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Monday, April 01, 2013 10:37 AM

Cash Cow: Of the 50 Largest US Companies, Who has the Cash? Who has the Debt?

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Here's the question of the day: How much actual cash is on hand at corporations?

Fed by glowing reports from sell-side analysts, most investors are unaware that except for a handful of companies, there is no cash, only debt. Even counting short-term investments there is surprisingly little cash on hand.

Courtesy of Mike Klaczynski at Tableau Software please consider the latest update to my periodic "Cash Cow" interactive report.

The data for this sheet is from Yahoo!Finance. Scroll over any of the bars (not the company name) to see more details.

Cash is a liability not an asset for banks, so I left off financial corporations in the default map. Certainly the $277 billion in cash on hand at Bank of America is not a sign of genuine strength or profitability. 

As you can see, actual cash on hand at non-financial corporations is a net negative $850 billion.

Five Cash Cows With Genuine Cash

  1. Apple (AAPL) $16.15 Billion 
  2. Chevron (CVX) $8.03 Billion 
  3. Google (GOOG) $7.57 Billion 
  4. Qualcomm (QCOM) $4.26 Billion
  5. Amazon (AMZN) $3.70 Billion

The grand total of actual available cash (at the five companies that have any) is $39.71 billion.

To add in short-term investments, click on the Select Metric drop-box that looks like this:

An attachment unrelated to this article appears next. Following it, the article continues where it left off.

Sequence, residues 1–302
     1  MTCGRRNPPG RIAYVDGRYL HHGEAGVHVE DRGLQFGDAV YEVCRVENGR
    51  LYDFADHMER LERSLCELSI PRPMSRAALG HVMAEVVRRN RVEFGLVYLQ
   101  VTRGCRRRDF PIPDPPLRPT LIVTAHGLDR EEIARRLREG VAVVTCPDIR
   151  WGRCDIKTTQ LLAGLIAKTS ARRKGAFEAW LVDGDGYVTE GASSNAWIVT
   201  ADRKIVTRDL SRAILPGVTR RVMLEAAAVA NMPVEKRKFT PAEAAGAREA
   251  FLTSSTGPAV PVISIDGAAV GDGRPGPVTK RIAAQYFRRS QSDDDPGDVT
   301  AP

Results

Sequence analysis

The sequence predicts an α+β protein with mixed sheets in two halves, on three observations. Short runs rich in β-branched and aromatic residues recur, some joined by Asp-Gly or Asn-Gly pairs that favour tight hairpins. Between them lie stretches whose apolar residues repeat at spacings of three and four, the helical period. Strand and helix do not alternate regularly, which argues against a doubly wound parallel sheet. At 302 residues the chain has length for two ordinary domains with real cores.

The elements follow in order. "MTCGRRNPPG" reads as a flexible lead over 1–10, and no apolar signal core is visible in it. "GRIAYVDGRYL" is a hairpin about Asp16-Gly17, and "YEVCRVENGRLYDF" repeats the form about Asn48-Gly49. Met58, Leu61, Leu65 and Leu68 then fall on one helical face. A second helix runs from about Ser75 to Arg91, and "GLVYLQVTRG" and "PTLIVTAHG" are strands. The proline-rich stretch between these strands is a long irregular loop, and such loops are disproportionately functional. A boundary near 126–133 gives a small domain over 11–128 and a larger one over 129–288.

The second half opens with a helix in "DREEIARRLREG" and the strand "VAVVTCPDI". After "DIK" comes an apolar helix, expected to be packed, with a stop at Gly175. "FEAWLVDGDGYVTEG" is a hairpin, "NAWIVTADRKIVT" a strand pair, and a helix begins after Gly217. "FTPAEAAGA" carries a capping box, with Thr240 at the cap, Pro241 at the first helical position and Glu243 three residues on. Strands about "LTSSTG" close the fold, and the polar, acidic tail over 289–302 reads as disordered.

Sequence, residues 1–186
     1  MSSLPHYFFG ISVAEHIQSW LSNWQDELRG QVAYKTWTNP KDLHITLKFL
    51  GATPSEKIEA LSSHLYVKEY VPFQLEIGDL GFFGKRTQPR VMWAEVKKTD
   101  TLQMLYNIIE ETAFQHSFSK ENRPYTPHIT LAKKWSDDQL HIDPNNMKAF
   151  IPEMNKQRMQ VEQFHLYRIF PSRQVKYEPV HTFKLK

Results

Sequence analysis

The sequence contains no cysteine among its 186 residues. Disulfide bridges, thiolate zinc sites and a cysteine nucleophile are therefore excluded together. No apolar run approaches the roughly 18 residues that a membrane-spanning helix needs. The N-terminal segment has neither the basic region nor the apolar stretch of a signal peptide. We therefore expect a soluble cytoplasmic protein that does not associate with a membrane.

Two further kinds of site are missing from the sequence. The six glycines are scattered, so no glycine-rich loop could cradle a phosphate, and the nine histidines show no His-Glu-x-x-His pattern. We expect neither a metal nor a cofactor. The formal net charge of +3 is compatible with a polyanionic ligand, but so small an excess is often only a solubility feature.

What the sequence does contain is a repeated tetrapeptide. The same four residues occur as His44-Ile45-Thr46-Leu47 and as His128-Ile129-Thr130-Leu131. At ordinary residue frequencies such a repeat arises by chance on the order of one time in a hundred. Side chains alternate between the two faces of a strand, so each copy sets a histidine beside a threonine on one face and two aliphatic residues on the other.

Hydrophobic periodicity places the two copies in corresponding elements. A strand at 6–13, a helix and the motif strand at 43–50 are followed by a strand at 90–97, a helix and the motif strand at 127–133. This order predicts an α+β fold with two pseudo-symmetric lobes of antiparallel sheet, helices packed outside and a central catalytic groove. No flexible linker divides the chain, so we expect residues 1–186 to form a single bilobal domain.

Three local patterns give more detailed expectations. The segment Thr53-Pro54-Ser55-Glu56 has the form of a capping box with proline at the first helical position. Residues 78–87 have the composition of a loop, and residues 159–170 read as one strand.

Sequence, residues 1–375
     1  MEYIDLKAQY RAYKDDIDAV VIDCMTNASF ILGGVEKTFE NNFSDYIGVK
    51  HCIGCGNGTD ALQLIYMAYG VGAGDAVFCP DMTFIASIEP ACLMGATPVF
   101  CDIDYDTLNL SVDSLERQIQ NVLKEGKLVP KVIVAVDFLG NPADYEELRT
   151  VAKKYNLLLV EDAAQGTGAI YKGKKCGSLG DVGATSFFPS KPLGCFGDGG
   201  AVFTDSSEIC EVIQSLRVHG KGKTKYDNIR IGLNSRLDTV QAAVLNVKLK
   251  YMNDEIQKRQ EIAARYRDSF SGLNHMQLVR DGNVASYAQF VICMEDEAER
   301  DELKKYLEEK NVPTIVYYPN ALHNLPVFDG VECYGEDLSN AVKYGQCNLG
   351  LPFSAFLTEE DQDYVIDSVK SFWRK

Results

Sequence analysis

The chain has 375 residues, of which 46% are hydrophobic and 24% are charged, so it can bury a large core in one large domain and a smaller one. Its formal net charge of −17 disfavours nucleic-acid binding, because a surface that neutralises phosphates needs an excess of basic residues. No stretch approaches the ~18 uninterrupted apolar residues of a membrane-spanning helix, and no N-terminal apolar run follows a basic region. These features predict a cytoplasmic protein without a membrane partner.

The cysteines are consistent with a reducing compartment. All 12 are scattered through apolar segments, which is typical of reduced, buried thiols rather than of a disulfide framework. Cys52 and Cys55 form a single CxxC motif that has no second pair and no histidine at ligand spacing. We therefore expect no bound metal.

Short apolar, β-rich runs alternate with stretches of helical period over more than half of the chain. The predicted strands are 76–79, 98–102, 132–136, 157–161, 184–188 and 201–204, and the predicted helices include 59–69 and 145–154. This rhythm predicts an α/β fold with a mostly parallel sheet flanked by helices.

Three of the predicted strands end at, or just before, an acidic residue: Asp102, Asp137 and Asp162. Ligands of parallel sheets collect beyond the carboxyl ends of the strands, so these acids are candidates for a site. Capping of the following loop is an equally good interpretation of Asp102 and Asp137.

Here are the results.

10 Cash Cows Counting Short-Term Investments

  1. Microsoft (MSFT) $54.09 Billion
  2. Google (GOOG) $40.88 Billion 
  3. Apple (AAPL) $39.82 Billion 
  4. Cisco (CSCO) $30.09 Billion
  5. Oracle (ORCL) 13.94 Billion
  6. Qualcomm (QCOM) $13.24 Billion
  7. Chevron (CVX) $8.30 Billion 
  8. Amazon (AMZN) $7.07 Billion
  9. Intel (INTC) $4.59 Billion
  10. Johnson & Johnson (JNJ) $4.03 billion

Net Negative Cash

Counting short-term investments, net corporate cash of the 50 largest companies is negative $543.67 billion.

Total cash of the 10 companies that have positive balance sheet cash (counting short-term investments as a cash equivalent) is $216.05 billion.

This is a far cry from the $trillions in sideline cash we are told is ready to come pouring into the market any time now. The facts of the matter are:

  1. Sideline cash is a direct function of debt
  2. Sideline cash cannot come into the market to propel shares higher because for every buyer of a security there is a seller, except for debt offerings and IPOs

Yet, the concept of "sideline cash" as widely believed and highly touted by mainstream media is mathematically impossible.

It is possible however, for a corporation to use its cash to buy back shares, but in that case, sideline cash will be transferred to another account (frequently the cash account of an insider who is bailing).

Recall that investors wanted Apple to buy back shares last Autumn, thinking they were undervalued at $700. Today's price is $435.

Had Apple been foolish enough to buy back shares when everyone seemed convinced the next stop was $1000, Apple's share price would undoubtedly be lower today, reflective of the amount of cash it wasted on buybacks.

2009 and 2010 provided excellent opportunities for corporations to buy back shares. Bargains have long since vanished.

Mike "Mish" Shedlock

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